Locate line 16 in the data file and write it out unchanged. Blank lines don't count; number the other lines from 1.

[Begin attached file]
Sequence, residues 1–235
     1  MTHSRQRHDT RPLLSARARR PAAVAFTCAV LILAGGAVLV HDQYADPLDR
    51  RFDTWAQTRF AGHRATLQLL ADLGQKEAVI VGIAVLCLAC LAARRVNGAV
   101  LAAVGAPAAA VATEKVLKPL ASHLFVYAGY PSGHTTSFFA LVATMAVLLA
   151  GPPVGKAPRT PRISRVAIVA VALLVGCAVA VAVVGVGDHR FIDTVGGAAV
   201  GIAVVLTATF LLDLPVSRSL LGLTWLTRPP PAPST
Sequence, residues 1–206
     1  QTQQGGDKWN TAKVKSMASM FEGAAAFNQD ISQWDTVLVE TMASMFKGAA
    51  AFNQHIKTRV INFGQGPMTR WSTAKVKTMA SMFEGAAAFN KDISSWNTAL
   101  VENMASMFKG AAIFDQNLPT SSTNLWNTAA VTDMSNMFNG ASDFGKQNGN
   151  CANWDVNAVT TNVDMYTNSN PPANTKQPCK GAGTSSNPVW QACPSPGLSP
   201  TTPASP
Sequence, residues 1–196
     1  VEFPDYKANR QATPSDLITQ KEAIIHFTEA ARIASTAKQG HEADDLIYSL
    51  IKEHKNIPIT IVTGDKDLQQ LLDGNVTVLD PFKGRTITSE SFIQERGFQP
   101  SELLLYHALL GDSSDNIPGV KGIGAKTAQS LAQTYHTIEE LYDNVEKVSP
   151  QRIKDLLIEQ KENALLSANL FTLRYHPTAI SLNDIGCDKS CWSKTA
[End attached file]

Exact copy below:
   101  SELLLYHALL GDSSDNIPGV KGIGAKTAQS LAQTYHTIEE LYDNVEKVSP